How is cardiomyopathy treated?

People with cardiomyopathy who have no signs or symptoms may not need any treatment. But for people who do have signs or symptoms, treatment is needed. The kind of treatment they need depends on a number of factors, including the type of cardiomyopathy they have, how severe their symptoms are, their age, and their overall health.

The main goals of treatment for cardiomyopathy are:

  • managing the conditions that are causing the disease
  • improving the function of the heart and reducing symptoms
  • keeping the disease from getting worse

Depending on the type of cardiomyopathy you have and the condition that is causing it, your treatment options may include lifestyle changes, medications, and surgery. Your doctor will tell you which options are best for you.

Lifestyle changes

Changes to your lifestyle can have a positive impact on reducing symptoms of a condition that may be causing your cardiomyopathy. Some changes that your doctor may recommend are:

  • eating a healthy diet (such as foods that are low in fat, sodium, and sugar)
  • quitting smoking
  • avoiding alcohol and illegal drugs
  • reducing stress
  • getting enough rest
  • treating other conditions (such as high blood pressure or diabetes)

Exercise is also important, but you should talk to your doctor before you start. He or she will tell you the kinds and level of physical activity that is safe for you.

Medications

For people who have cardiomyopathy, the following medications are used to improve the function of the heart, treat symptoms, and prevent complications:

  • ACE inhibitors to reduce the risk of heart attack and death due to coronary disease in people who have shown evidence of coronary artery disease
  • aldosterone blockers for balancing electrolytes in the body
  • angiotensin II receptor blockers to help relax blood vessels, which lowers blood pressure and makes it easier for the heart to pump blood
  • antiarrhythmics to treat and prevent irregular heartbeats
  • beta-blockers to slow down the heart rate and reduce blood pressure, which then reduces the heart’s demand for oxygen; they also reduce the risk of heart attacks and sudden death
  • blood thinners (aspirin, anti-coagulants) to lower the risk of blood clots in the heart or blood vessels
  • calcium channel blockers to relax blood vessels and increase the supply of blood and oxygen to the heart; reduce the heart's workload
  • corticosteroids for reducing inflammation
  • digoxin to increase the strength of heartbeats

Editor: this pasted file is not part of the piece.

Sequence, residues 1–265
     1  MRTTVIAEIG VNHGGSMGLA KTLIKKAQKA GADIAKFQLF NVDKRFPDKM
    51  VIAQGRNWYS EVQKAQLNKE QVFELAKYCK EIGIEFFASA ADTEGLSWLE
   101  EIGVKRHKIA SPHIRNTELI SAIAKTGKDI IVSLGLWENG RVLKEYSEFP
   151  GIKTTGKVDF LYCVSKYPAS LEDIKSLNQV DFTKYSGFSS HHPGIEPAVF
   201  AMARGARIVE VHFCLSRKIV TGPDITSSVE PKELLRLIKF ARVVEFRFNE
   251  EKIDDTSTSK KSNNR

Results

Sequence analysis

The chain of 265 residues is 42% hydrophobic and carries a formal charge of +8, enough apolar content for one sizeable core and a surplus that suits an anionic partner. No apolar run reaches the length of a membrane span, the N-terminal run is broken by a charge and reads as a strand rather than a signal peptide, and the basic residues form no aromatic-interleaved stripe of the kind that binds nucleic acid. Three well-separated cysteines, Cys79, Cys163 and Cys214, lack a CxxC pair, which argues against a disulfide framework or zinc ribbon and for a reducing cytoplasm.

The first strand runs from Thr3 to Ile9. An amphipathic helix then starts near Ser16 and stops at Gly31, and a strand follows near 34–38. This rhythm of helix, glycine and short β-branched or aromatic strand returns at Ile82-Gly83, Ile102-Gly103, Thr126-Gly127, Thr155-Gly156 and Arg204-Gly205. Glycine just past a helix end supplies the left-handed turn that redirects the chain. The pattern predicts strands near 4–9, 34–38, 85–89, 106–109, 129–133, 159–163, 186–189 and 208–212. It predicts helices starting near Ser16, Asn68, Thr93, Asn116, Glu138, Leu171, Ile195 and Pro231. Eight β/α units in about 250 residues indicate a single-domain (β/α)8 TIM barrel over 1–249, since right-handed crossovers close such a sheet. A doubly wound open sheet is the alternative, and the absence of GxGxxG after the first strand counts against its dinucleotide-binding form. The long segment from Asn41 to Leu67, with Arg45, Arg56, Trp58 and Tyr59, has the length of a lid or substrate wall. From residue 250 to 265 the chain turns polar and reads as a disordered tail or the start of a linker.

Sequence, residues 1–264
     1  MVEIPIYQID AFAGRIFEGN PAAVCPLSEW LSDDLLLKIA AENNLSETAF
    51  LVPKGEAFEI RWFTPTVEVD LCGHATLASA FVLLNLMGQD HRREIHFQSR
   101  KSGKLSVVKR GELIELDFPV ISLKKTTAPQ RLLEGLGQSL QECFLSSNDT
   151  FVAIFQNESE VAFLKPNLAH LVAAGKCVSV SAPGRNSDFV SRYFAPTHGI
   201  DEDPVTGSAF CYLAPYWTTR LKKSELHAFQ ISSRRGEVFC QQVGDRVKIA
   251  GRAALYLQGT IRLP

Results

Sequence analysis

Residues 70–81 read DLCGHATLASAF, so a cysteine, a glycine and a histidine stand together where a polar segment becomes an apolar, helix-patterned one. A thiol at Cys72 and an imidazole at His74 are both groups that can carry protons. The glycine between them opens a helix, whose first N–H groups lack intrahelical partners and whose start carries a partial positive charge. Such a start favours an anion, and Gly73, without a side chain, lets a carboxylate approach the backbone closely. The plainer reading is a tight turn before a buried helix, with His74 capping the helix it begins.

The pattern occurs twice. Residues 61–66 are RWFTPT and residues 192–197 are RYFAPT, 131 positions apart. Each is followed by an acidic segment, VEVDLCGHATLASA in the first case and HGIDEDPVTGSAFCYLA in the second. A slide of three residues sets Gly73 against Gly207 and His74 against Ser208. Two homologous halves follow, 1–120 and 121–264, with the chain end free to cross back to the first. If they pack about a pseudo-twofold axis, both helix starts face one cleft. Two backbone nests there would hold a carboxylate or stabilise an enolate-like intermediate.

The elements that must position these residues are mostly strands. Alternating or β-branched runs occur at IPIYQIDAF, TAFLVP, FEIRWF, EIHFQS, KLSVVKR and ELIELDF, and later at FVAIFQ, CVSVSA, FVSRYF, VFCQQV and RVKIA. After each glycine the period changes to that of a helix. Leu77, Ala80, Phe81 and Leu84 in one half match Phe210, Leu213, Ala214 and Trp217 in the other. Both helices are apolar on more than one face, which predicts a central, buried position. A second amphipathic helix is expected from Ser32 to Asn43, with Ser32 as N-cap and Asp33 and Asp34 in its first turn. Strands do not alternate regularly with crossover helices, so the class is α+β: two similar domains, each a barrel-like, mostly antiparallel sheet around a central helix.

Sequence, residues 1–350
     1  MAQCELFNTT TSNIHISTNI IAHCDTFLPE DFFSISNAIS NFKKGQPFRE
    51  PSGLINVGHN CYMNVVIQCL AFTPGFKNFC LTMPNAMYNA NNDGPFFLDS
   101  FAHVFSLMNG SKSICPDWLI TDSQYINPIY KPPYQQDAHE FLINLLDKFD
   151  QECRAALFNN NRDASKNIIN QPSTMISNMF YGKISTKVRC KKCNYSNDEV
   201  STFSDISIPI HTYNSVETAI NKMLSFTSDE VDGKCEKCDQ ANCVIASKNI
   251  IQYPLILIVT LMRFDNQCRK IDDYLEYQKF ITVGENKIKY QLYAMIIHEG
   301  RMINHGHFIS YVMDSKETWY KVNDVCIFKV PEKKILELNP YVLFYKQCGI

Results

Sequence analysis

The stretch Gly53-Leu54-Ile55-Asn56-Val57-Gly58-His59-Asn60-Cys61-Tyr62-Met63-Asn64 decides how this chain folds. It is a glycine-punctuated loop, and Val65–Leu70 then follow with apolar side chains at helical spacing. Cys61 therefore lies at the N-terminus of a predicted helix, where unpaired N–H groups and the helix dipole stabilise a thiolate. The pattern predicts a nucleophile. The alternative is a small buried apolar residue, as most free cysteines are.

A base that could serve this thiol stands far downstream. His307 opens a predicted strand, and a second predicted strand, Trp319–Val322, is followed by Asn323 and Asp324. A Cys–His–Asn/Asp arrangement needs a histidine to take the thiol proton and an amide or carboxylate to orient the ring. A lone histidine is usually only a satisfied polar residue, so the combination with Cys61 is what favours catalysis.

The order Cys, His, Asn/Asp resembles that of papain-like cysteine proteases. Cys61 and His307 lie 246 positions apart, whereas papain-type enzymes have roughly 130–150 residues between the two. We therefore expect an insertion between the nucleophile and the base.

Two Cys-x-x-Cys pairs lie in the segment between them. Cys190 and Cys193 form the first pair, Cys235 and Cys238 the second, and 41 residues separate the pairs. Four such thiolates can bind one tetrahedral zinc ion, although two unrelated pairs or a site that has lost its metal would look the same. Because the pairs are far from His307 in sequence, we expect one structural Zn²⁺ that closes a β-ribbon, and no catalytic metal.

• diuretics to remove excess fluids and sodium in the body
  • vasodilators (nitrates) to relax or widen blood vessels to allow more blood flow to the heart and reduce strain on the heart

Surgery

There are also different types of surgery that can be performed to treat cardiomyopathy, such as surgically implanted devices, septal myectomy, and heart transplant.

  • Surgically implanted devices are placed under the skin in the chest or abdomen with wires leading to the heart; these devices include:
    • pacemaker – which is a small electronic device that monitors the heart’s electrical activity; if it detects an abnormal rhythm, it sends a pulse to the heart to return the heart to its normal rate
    • cardiac resynchronization therapy (CRT) device – which coordinates contractions between the left and right ventricles of the heart
    • implantable cardioverter defibrillator (ICD) – which sends a shock to the heart when it senses fast arrhythmias
    • left ventricular assist device (LVAD) – that works with the heart to pump blood to the rest of the body in people who are waiting for a heart transplant
  • Septal myectomy (open heart surgery) is used for people who have severe symptoms of hypertrophic cardiomyopathy. During surgery, a section of a thickened wall obstructing the left ventricle is removed to improve blood flow through the heart. This surgery is usually performed on younger patients whose medications aren’t working.
  • Heart transplants are reserved for people who have end-stage heart failure, which means their condition has gotten so severe, there are no other treatment options available. This surgery replaces the patient’s diseased heart with the healthy heart from someone who has died.

Advanced Cardiovascular Care at Jeanes Hospital

If you’re experiencing symptoms of cardiomyopathy, the highly-experienced cardiologists at the Temple Heart & Vascular Institute at Jeanes Hospital are ready to assist in the diagnosis and treatment of your condition. From patient consultation to a full range of diagnostic tests and surgical procedures, our Temple doctors are prepared to help you understand and manage all aspects of your cardiomyopathy.

The Temple cardiologists at Jeanes Hospital evaluate hundreds of patients every year, managing a wide range of serious cardiovascular conditions. After careful evaluation, they can develop and oversee a treatment plan tailored to meet your specific needs.

Procedures performed here for the diagnosis and treatment of cardiomyopathy and its related conditions include:

  • Diagnostic and coronary angiography
  • Right/left heart catheterization for pressure/flow monitoring or cardiac biopsy
  • Insertion of pacemaker and cardiac defibrillator implants
  • Synchronized biventricular pacers for heart failure
  • Complex coronary interventions
  • Surgical treatment of cardiac arrhythmia
  • Heart value repair and replacement
  • Surgical treatment of cardiac arrhythmia

This is the level and quality of care you would expect to find downtown or in another city. Yet, it's available right here, in your own community.

To schedule an appointment with a cardiologist at the Temple Heart & Vascular Institute at Jeanes Hospital, click here or call 215-728-CARE (2273).